Mindell touts how Japan enjoys the longest life span, lower rates of colon, lung, breast and prostate cancer. “Judge for yourself,” he says. And we did. We were presented with seemingly obvious information, but advertising is what it was. Because the truth is much different, and lower Asian cancer rates just might be from the lack of un-food in Asian diets and the masses of seafood they consume. The Japanese eat a few TABLESPOONS of soy a day as a condiment.

Monk food? Clean protein? The roots of soy are much more humble. Soybeans were used as crop fertilizer and livestock feed. Knowing soy could be harmful raw, the resourceful Asians made an art out of fermenting techniques to make them digestible. Hence, miso and tempeh, the most edible forms of soy, are important arts in Asian history. What about the nice monks? Moby’s sarcasm may not be far off- does the high estrogen content in soy messes with testosterone, making monastic life a little easier on the celibate?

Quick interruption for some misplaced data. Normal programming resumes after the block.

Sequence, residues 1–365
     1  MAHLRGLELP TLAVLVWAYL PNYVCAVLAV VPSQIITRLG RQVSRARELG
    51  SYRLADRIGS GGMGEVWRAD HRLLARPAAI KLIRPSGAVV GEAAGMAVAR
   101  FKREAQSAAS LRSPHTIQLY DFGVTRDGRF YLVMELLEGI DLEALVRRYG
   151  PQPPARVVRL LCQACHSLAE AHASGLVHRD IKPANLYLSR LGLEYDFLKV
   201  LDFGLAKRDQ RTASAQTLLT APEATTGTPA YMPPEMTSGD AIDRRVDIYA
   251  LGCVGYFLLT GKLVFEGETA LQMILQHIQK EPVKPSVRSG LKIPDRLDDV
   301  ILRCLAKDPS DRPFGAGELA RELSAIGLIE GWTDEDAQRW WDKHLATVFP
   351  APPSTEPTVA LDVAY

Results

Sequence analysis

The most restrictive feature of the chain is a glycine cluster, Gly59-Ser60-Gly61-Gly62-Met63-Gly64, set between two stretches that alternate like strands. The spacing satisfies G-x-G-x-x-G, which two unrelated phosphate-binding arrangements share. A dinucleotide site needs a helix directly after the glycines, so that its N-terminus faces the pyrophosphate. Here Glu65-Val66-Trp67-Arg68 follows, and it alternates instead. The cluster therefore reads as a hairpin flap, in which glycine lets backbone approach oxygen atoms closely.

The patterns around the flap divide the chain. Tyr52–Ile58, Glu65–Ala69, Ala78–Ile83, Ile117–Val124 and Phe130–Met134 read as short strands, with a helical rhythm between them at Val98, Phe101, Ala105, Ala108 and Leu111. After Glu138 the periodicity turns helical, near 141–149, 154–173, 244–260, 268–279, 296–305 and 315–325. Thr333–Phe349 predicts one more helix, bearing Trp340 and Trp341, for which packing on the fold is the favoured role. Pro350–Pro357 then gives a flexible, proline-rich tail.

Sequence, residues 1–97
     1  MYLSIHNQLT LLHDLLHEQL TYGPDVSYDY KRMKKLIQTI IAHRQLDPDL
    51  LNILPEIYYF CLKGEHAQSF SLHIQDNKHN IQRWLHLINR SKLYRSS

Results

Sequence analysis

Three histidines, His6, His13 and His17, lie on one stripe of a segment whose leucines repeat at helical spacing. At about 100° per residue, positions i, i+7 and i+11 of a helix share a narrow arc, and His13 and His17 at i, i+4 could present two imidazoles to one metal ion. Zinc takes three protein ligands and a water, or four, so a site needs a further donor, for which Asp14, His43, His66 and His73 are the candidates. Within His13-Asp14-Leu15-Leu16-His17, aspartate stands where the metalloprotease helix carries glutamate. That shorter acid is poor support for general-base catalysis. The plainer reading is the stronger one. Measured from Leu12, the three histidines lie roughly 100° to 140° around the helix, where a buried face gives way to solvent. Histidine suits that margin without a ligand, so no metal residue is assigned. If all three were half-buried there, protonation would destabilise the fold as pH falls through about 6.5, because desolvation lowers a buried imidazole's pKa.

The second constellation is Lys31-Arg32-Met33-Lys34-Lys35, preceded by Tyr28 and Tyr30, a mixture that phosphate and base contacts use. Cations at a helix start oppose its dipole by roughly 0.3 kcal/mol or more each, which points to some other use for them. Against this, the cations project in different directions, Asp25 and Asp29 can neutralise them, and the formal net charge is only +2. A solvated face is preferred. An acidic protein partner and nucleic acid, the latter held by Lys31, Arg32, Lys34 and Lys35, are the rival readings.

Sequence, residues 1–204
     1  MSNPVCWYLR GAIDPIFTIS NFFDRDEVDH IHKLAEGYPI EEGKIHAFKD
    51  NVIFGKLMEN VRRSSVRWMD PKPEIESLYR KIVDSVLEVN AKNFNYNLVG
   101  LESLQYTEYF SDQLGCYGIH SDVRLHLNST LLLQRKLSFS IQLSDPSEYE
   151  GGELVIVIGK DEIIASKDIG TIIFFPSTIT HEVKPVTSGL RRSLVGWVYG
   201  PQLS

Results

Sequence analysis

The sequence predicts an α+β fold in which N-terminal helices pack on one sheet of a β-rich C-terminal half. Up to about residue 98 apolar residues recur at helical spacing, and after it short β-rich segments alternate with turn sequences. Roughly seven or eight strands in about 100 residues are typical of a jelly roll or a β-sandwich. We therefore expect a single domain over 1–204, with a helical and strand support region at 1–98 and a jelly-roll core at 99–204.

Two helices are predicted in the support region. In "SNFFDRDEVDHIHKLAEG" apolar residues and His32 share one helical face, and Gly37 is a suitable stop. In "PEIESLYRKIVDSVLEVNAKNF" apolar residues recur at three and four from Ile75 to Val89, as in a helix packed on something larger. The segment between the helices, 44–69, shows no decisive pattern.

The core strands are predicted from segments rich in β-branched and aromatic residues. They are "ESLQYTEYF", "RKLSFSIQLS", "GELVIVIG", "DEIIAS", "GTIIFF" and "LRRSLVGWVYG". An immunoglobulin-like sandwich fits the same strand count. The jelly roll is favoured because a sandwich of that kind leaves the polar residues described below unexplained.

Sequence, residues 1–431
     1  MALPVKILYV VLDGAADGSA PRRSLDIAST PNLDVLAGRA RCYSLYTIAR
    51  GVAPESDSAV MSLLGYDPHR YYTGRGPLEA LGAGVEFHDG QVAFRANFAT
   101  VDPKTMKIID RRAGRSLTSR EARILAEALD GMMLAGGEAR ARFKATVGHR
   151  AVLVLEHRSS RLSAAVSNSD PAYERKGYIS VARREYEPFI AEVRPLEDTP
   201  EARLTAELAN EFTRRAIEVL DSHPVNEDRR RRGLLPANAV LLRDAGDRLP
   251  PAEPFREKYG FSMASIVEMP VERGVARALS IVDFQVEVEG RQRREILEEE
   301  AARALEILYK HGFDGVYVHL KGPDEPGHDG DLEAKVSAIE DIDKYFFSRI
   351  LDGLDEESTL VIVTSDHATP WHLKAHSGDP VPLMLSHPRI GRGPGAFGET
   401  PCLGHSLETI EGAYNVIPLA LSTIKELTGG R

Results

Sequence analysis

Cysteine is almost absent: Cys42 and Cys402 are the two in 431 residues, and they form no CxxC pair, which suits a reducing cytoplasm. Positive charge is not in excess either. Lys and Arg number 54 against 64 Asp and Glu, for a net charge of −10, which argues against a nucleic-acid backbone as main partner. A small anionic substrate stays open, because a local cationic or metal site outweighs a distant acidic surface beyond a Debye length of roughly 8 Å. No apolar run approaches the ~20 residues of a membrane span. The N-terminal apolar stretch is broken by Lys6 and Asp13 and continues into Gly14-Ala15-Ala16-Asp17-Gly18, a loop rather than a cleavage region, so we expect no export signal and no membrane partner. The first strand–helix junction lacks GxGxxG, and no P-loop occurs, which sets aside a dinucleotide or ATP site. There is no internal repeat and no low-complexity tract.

Still, what’s the big deal? So it’s not Asia’s star dish. It’s still the picture perfect glow of rosy health, right? A complete protein, low in fat, fighting off cancers and osteoporosis, lowering cholesterol, non-allergenic, brain-building, green, low carbon footprint, and yummy, too – right?

Not so fast. Concerned consumers in both the carnivore gourmands and the garden of Vegan groups are starting to suspect the reality might be more like this: gas, bloating, infant starvation, moobs, a whole host of thyroid problems, coronary disease, anaphylactic shock, Alzheimer’s, serious endocrine disorders, a range of menstrual abnormalities and ‘female problems,’ cancer, low or nonexistent libido, puberty before age ten, hair loss and more. Could it really be? Aren’t all of these things among the endless problems soy was going to prevent?

Hundreds of doctors and scientists and consumer advocates worldwide are now expressing concern and caution over soy. But one has devoted her research in recent years to the alarming topic.